Uber is continuing its quest for maps self reliance, and is set to acquire a chunk of Bing's mapping assets.
Both Microsoft and Uber confirmed the deal to TechCrunch, but wouldn't get specific on the terms.
The deal will see Uber absorb around 100 Microsoft data collection engineers.
A move this large proves that Uber really, really wants to get out from under Google's thumb and create its own, independent mapping technology. The team the Uber is taking from Microsoft helped collect and integrate Bing's 3D and street views.
Uber is taking many steps to create its own mapping infrastructure. Currently, Uber relies on other major mapping services (mainly Google) to operate its fleet of drivers – and the company naturally would like to be able to break those ties and map with its own technology. Earlier this year, Uber bought mapping company deCarta - both its tech and team.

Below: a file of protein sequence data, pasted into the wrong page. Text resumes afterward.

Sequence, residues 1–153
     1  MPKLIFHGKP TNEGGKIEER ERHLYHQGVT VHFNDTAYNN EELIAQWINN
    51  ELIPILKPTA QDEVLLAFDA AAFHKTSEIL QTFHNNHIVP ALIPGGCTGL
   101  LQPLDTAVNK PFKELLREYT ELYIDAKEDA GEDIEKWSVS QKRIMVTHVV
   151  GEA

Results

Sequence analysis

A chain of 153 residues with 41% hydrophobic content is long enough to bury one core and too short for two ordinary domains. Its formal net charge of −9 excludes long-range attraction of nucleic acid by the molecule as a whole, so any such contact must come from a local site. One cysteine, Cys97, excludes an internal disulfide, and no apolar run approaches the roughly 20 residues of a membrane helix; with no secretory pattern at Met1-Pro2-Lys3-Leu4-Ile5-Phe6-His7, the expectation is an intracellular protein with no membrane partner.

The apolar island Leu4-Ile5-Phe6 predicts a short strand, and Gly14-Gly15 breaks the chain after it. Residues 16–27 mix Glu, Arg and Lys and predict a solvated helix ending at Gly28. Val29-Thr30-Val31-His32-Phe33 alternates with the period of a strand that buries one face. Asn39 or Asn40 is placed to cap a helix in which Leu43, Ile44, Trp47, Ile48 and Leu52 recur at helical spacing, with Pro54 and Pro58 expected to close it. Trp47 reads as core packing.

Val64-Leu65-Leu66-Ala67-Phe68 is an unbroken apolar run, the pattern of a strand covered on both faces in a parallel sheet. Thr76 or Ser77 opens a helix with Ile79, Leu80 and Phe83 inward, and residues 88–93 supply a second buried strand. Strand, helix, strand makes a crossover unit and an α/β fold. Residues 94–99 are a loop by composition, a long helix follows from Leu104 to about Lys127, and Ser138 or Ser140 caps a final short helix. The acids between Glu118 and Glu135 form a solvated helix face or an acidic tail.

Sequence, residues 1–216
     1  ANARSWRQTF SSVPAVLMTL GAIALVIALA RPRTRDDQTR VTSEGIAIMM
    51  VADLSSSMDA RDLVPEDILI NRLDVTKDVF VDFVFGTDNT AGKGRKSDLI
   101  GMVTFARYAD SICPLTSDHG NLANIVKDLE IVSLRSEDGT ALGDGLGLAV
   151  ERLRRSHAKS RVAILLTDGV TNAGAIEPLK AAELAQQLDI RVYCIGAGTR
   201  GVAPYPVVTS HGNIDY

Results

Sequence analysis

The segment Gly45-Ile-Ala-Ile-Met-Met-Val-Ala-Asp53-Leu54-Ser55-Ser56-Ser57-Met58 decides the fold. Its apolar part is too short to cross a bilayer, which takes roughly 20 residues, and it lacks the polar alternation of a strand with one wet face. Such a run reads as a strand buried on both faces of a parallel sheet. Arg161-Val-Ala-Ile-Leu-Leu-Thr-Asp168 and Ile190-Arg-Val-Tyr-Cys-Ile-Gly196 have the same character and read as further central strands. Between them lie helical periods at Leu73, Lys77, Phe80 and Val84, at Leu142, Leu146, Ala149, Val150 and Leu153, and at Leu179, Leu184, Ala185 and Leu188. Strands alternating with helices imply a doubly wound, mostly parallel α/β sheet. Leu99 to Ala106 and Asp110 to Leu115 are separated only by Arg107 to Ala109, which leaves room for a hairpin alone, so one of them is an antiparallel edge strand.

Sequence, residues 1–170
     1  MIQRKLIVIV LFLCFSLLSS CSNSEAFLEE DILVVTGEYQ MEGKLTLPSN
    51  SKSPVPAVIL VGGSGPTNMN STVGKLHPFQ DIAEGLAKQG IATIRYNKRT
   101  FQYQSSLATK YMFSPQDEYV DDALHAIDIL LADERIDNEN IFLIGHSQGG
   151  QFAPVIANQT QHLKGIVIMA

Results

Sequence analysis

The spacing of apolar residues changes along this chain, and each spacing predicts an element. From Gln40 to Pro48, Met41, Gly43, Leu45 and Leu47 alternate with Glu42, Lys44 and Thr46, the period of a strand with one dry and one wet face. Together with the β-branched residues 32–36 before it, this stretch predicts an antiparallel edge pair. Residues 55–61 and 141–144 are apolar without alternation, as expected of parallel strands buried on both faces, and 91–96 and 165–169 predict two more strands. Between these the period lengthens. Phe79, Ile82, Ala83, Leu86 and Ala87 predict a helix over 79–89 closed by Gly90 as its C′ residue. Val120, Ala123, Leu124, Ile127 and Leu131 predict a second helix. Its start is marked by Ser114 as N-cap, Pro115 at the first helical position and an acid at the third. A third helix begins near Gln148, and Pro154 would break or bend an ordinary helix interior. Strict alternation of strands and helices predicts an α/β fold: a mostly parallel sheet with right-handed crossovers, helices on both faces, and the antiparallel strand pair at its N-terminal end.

Uber downplayed the acquisition, saying it would go to help improve existing products.
“A lot of the functionality that makes the Uber app so reliable, affordable and seamless is based on mapping technologies. With the acquisition of deCarta, we will continue to fine-tune our products and services that rely on maps –- for example UberPOOL, the way we compute ETAs, and others – and make the Uber experience even better for our users.”
But with today's big hiring news, there can be no doubt that Uber wants to build its own maps product from the ground up.
Earlier this month, Uber poached Google Engineering VP Brian McClendon to head its new Advanced Technologies Center. McClendon worked for over a decade as Google’s head of Maps, Google Earth, and Street View.
Uber's Advanced Technologies Center was created earlier this year in a partnership with Carnegie Mellon University. The research initiative is focusing on “mapping and vehicle safety and autonomy technology.”